Confused by Apple's Two Factor Authentication?

kat.hayes

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Original poster
Oct 10, 2011
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I just logged into iCloud through Chrome on my MacBook Pro. This was the first time I had done this so it asked me to enter a password in my browser and the password was displaying on my Mac. I don't remember exactly how the password displayed, though I thought the whole point of this would be to display the password on my phone so I would have to get the password from my phone and enter into the browser on my Mac to ensure it was really me and I owned both devices. If someone stole my MacBook Pro and had access to my password, how is this adding any extra layers of security?

And, does this mean I have two factor authentication enabled for all of my devices or do I have to enable it individually for each device?

Thanks.
 

Rigby

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Aug 5, 2008
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The verification code will be shown on all your trusted devices (which are by default iOS devices and MacOS computers that you have previously signed in using two-factor auth). You can "untrust" a device by going to appleid.apple.com, clicking on a device and selecting "remove".
 
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Alrescha

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Jan 1, 2008
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I thought the whole point of this would be to display the password on my phone so I would have to get the password from my phone and enter into the browser on my Mac to ensure it was really me and I owned both devices.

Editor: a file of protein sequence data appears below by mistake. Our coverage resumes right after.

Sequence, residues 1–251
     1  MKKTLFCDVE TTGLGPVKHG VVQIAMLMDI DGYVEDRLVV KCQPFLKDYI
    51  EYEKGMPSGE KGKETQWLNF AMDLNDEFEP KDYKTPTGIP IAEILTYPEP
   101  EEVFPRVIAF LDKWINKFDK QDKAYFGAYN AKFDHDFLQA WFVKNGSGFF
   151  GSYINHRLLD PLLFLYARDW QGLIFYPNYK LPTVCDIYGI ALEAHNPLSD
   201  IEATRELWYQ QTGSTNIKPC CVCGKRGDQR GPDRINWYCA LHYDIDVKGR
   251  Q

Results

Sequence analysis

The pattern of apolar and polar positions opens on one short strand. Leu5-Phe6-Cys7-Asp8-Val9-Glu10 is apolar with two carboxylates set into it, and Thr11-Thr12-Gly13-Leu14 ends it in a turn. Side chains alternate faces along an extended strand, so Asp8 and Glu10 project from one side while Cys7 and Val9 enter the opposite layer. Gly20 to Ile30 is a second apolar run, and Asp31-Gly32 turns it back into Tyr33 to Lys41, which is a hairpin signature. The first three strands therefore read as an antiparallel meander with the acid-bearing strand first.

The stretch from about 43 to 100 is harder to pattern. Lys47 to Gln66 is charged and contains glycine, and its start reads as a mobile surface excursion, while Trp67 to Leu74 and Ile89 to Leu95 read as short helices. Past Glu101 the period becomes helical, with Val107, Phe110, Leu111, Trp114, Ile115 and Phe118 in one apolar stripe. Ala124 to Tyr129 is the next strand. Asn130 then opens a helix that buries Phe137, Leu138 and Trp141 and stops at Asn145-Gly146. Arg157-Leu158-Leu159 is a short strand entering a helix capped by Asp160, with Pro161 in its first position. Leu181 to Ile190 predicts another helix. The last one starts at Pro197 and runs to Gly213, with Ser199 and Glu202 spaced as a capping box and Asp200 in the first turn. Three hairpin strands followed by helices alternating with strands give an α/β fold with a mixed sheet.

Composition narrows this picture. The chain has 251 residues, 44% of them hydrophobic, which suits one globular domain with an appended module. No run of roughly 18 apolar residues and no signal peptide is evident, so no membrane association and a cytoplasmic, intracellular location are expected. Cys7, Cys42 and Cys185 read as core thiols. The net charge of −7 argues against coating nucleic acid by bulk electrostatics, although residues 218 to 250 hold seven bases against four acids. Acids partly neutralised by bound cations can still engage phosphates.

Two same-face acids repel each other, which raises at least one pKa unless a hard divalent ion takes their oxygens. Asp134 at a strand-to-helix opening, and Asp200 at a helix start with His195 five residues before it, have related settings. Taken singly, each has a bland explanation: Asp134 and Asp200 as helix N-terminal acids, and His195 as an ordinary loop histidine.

The two-factor authentication is protecting your iCloud account, not your Mac. One factor is your password, the other is a trusted device. The fact that Chrome *happens* to be running on a trusted device is not important.

A.
 
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kat.hayes

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Oct 10, 2011
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1. I do not remember seeing the verification code pop up on my other devices. How do you sign in using two-factor authentication on a device to make it trusted?

2. So every iOS/MAC OS device I have that is logged into iCloud will be using two factor authentication since I turned it on somewhere?

3. What I still dont understand is the pass code showed up on my MBP and I had to enter it into my MBP. How is this adding any extra security?

Thanks.
 

Alrescha

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Jan 1, 2008
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3. What I still dont understand is the pass code showed up on my MBP and I had to enter it into my MBP. How is this adding any extra security?
You were not authenticating your MacBook, you were authenticating Chrome. At the risk of being repetitive, you need two things for two-factor authentication - your password and a trusted device. The MacBook was one of those.

Chrome could just as easily been on a bad actor's laptop.

A.
 
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Rigby

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Aug 5, 2008
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1. I do not remember seeing the verification code pop up on my other devices. How do you sign in using two-factor authentication on a device to make it trusted?
You should see it on any iOS/MacOS device that is logged into iCloud.
2. So every iOS/MAC OS device I have that is logged into iCloud will be using two factor authentication since I turned it on somewhere?
What exactly do you mean by "using two factor authentication"? Once you enable it, there is no other way to log in to your iCloud account.
3. What I still dont understand is the pass code showed up on my MBP and I had to enter it into my MBP. How is this adding any extra security?
It adds security in the sense that nobody can log in to your account even if they know your password, since they don't have a trusted device and thus will not be able to receive a verification code.
 
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kat.hayes

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Oct 10, 2011